Labor Unions And Inequality

In the wake of the Great Recession, economic inequality – the extent to which income and wealth are distributed unevenly across a population – has emerged as a major issue in the United States.

Since the late 1970s, there has been enormous change in the distribution of income and wealth in the U.S. The gap between the “haves” and the “have-nots” has widened, with a small portion of the population reaping an increasingly larger share of the country’s economic rewards. Warren Buffet got it right when he said, “There’s been class warfare going on for the last 20 years and my class has won.”

The average American has lost. Since the mid-1970s, wages have remained stagnant and middle-class earnings have lagged the cost of living.

There are a number of factors contributing to economic inequality, downward mobility among working-class Americans and the dangerous fissures it has caused American society. These include government tax and regulatory policies, the acceleration of finance capitalism, culture, immigration, globalization, and the rate of technological change.

Frequently overlooked is the declining strength of private-sector labor unions. In 1979, unions represented 24 percent of the private sector labor force; today only 6.5 percent of private-sector workers are unionized.

The effects of this decline are fiercely debated. Conservatives argue that labor unions decrease competitiveness and business profitability. Progressives say that in an era of globalization, companies threaten to ship jobs to factories offshore to extract concessions from unions with impunity. For sure, unions raise wages, but that doesn’t necessarily mean they reduce profitability or diminish competitiveness. Consider the success of unionized firms such as Southwest Airlines and UPS.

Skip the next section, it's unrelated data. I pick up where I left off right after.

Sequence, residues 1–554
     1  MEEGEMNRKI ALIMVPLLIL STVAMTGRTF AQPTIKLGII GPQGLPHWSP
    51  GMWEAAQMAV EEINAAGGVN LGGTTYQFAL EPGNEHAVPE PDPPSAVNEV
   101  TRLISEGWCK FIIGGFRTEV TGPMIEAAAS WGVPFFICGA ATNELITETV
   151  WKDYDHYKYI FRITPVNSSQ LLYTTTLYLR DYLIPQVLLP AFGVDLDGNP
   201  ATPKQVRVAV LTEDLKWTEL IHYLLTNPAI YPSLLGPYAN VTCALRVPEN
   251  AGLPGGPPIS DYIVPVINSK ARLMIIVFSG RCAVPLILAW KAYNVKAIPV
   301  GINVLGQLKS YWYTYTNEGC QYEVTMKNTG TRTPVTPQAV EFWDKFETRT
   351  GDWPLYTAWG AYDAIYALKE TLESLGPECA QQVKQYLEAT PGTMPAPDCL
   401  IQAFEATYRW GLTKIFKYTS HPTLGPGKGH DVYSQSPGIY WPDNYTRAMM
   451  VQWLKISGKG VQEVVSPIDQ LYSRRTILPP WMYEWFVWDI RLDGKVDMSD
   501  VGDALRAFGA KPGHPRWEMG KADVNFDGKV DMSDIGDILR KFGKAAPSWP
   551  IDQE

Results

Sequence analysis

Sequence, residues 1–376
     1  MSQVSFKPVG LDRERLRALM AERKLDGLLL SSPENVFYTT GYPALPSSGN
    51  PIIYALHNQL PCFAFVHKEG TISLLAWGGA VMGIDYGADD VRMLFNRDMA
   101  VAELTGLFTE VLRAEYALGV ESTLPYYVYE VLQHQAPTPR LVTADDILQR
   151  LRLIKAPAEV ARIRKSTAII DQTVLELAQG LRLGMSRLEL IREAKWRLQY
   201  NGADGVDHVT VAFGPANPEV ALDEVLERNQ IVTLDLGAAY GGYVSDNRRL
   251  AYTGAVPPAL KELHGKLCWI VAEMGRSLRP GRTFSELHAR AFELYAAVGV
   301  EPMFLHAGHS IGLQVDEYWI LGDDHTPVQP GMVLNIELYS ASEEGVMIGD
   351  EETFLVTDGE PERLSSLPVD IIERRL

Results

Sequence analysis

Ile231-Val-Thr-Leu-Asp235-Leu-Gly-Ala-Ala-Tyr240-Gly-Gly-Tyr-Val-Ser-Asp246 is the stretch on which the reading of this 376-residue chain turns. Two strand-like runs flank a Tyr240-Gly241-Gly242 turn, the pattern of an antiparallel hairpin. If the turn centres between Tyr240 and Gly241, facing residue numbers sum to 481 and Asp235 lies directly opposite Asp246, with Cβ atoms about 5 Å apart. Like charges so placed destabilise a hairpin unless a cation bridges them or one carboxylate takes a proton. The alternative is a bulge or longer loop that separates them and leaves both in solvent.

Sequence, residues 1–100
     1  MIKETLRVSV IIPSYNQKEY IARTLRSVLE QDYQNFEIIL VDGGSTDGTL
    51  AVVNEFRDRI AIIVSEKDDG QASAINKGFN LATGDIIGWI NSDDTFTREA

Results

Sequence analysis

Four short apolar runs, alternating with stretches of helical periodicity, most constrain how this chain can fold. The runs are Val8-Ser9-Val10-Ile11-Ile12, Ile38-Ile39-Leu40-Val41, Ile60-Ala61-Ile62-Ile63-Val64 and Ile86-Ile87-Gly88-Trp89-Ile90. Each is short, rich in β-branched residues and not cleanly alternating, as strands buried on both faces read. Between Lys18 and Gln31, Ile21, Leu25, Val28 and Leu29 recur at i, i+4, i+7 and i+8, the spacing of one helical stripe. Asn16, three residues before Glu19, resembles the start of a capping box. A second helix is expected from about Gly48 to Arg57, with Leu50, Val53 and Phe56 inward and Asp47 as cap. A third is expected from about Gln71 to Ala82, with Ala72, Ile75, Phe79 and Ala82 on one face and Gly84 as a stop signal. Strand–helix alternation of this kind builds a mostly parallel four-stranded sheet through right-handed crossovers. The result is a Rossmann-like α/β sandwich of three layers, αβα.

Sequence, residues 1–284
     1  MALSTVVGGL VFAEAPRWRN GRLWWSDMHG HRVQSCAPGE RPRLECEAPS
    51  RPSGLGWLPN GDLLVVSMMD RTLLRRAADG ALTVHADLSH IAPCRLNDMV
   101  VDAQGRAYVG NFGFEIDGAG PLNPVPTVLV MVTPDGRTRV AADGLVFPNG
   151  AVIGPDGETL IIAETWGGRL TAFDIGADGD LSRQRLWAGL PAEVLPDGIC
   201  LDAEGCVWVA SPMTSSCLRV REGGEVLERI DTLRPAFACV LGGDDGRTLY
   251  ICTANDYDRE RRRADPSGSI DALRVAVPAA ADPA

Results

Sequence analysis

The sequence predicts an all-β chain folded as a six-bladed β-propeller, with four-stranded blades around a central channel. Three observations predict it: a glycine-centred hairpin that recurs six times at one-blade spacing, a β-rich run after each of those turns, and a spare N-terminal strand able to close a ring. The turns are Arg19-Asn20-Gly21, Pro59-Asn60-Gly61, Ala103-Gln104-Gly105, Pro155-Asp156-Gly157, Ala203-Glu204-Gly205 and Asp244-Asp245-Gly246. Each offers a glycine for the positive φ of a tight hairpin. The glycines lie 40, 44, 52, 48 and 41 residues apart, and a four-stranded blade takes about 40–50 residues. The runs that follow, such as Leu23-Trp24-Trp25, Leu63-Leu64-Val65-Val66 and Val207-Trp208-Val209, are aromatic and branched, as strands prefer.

American manufacturing and wages suffered as U.S. companies engaged in extensive offshore outsourcing of decent-paying domestic jobs to China and other low-wage countries under the banner of free trade, prioritizing short-term profits over long-term investments and the public interest. For example, from 2000-2016, the U.S. shed five million manufacturing jobs, a fact that supporters of free trade and globalization rarely mention.

The loss of traditional manufacturing jobs has contributed to income inequality and declining union membership. According to a report by the Washington-based think tank the Economic Policy Institute, if unions had the same presence in the private sector today as in 1979, both union members and non-members would be making about $2,500 more each year.

Many companies have built their business models around offshoring manufacturing to reduce costs without passing the savings on to consumers. They view the wages and benefits that once underpinned a middle-class lifestyle as obscenely excessive. That’s why they support free trade and use their political power to garner the support of both major political parties, helping accelerate the demise of labor unions. Government turned a blind eye as corporations packed up good jobs and send them overseas, weakening private-sector unions.

The American public has repeatedly been told that policies that restrain foreign competition are a form of protectionism that subsidizes inefficient domestic industries and raises prices. The issue of job losses is ignored. The benefits of free trade allegedly exceed the costs of lost jobs, especially for those who work with their hands. Assumed consumer benefits should be considered when it comes to trade policy, but so should giving working-class people a fair shot at the American Dream. Americans need a more balanced way of thinking about free trade and the offshoring of American jobs.

Is it any wonder that President Trump’s campaign slogan – “Make America Great Again” – resonated with ordinary Americans? This rhetoric is reminiscent of 1988 Democratic Presidential candidate Rep. Richard Gephardt’s slogan “Let’s Make American First Again.”

Writing over 2400 years ago, the Greek philosopher Aristotle captured the importance of inequality when he wrote, “A polity with extremes of wealth and poverty is a city not of free persons but of slaves and masters, the ones consumed by envy, the others by contempt.”

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